The last twenty, though...let's take a detailed look at them. There's probably nothing wrong with the Bujold novels, and I'm told she writes quite well, but the Miles Vorkosigian novels never caught my interest. So much the worse for me. By the time Joe Haldeman got around to writing Forever Peace, I'd gotten tired of him riding his "if we could just communicate better there wouldn't be war" hobbyhorse and stopped paying attention to what he was writing. Ditto for China Mieville; I read his first three or four novels, got tired of reading unpleasant stories about unpleasant people, and never went back. Connie Willis' Blackout/All Clear bored me stiff, which is strange since I've liked pretty much everything else she's written, but I couldn't force myself to finish this one. As for Kim Stanley Robinson's Blue Mars, see my comment about Mieville - unpleasant things happening to unpleasant people. I forced myself to finish it to see if it improved, but it didn't. Chabon's Yiddish Policemen's Union is, to be charitable, the worst Jewish alternate-history tale I've ever read in my life. It was a dull, painful slog, every bit as enjoyable as having a long, slow root canal without benefit of anesthesia, but since the book had been so heavily hyped, I thought there must be something to it, a surprise cleverly concealed until the end, but no. Scalzi's Redshirts was an okay piece of Star Trek fanfic with the serial numbers painted off and fresh paint applied, but among these other works, it's a pigmy among giants.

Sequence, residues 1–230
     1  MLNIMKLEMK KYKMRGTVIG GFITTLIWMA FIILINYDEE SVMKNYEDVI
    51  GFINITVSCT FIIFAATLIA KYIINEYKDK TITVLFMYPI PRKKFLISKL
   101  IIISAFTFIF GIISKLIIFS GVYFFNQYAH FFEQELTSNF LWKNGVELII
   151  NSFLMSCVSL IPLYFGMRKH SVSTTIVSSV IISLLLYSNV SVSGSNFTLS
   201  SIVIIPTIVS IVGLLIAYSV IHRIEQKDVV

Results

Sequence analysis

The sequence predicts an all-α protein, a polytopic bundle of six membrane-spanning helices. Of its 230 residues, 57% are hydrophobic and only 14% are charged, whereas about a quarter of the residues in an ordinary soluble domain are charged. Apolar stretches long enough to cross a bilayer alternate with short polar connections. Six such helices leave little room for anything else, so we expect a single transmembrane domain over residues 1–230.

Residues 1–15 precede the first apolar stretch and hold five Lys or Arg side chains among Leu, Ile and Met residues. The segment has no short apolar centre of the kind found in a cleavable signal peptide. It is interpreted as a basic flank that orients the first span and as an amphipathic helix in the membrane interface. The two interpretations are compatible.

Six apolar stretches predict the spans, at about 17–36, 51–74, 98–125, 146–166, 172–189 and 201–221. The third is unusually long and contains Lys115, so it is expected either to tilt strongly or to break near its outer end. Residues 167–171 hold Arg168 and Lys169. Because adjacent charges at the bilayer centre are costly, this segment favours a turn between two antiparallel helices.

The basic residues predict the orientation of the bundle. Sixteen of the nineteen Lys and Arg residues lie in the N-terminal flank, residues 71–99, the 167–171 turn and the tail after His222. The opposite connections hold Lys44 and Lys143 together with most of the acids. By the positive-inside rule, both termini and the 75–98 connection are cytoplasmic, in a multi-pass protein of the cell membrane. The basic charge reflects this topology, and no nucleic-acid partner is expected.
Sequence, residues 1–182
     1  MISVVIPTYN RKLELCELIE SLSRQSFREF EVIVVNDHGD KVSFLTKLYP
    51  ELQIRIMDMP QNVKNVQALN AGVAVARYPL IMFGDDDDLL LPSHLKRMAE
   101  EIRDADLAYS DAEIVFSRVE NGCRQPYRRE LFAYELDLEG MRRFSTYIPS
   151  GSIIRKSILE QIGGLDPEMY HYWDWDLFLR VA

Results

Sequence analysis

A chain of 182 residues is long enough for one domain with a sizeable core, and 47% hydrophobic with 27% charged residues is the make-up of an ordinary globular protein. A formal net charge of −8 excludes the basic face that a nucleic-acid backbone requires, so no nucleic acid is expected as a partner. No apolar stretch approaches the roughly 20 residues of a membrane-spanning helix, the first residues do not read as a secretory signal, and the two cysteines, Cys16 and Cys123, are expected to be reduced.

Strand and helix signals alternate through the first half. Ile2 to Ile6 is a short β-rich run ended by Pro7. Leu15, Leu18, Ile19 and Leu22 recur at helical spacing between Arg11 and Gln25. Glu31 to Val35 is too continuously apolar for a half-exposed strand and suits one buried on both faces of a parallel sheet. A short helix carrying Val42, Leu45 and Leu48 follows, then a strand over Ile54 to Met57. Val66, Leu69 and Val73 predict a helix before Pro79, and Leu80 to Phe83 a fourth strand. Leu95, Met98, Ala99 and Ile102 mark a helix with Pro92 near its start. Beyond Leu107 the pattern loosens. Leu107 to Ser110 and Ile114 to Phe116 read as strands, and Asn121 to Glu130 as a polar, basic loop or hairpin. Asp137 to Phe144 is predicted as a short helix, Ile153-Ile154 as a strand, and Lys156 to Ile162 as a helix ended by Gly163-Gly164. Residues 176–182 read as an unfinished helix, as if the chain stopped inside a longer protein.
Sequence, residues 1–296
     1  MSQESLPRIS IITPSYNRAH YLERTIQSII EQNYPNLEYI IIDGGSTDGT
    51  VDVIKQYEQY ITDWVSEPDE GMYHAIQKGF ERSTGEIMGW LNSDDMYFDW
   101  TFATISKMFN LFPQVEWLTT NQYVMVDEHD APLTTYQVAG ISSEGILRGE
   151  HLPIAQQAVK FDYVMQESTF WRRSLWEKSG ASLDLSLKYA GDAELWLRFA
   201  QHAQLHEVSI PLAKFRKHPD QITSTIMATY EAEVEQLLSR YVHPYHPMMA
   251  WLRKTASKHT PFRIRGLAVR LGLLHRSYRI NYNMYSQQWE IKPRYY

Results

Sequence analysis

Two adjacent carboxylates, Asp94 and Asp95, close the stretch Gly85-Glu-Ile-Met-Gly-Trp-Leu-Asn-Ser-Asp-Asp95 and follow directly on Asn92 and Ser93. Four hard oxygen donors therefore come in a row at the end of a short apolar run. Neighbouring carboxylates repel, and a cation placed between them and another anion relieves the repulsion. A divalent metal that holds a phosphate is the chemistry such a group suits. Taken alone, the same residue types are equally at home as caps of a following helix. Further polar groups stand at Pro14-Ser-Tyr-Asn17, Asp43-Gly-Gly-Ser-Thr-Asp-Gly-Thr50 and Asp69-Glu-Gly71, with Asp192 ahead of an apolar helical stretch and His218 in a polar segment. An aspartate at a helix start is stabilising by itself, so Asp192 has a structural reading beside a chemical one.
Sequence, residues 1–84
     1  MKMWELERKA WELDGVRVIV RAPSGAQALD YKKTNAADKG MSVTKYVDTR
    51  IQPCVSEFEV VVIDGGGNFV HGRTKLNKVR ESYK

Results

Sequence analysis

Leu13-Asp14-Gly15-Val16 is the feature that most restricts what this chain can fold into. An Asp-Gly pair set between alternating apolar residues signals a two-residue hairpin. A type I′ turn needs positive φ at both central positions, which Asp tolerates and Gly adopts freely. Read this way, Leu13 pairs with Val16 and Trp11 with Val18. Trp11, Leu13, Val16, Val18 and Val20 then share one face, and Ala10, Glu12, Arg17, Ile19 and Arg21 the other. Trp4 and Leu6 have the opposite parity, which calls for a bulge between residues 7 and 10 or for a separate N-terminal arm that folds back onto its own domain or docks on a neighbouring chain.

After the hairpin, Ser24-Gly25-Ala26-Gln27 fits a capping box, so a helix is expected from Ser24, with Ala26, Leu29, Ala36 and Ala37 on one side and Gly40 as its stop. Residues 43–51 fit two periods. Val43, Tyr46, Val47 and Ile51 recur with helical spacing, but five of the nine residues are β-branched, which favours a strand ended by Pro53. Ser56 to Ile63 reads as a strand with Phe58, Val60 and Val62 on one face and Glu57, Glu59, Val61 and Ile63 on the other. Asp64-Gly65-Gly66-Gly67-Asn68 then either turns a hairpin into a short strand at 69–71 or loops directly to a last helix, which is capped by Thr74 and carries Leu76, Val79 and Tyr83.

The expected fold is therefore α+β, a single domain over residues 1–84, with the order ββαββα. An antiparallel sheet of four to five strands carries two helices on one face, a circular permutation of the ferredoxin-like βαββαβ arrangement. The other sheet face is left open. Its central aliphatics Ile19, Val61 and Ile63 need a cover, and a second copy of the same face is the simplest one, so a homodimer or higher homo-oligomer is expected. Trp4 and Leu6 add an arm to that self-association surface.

I completely missed Sawyer's Hominids, Gaiman's Graveyard Book, Wilson's Spin ,Walton's Among Others, and Leckie's Ancillary Justice; in the last year or so, I have read comments from Ms. Walton on the Intertubes that seem to indicate I am not one of the customers she wants, and as for Ms. Leckie, her novel sounds like a rehash of topics covered long ago by Anne McCaffrey in The Ship Who Sang and its sequels, but with some PC word fiddling, and therefore not something of interest to me.

Clarke's Jonathan Strange and Mr. Norrell and Bacigalupi's Windup Girl got hyped to death, and I am allergic to hype. Maybe I'll read them down the road and find out they lived up to it, but given all the times I've gotten burned by critics' praise for the flavor of the season, I rather doubt it. P. Schuyler Miller, where are you when we need you?

Based on my reading, I think Wright's argument that the nominees and winners of the Hugos over the last twenty years have become increasingly literary and less readable is one that can be made, especially if you agree with Eric S. Raymond (and I do) that SF has norms unique to the genre, and that a lot of what's been nominated/voted in in the last couple of decades isn't SF, and if it is, it's more literary than classical. Which isn't good for the genre, although nobody outside the tribes of Sad and Rabid Puppies seems able to recognize it - or if they do, they seem unwilling to take the steps that would bring them into conflict with the self-appointed tastemakers of the field.
Tags: sad puppies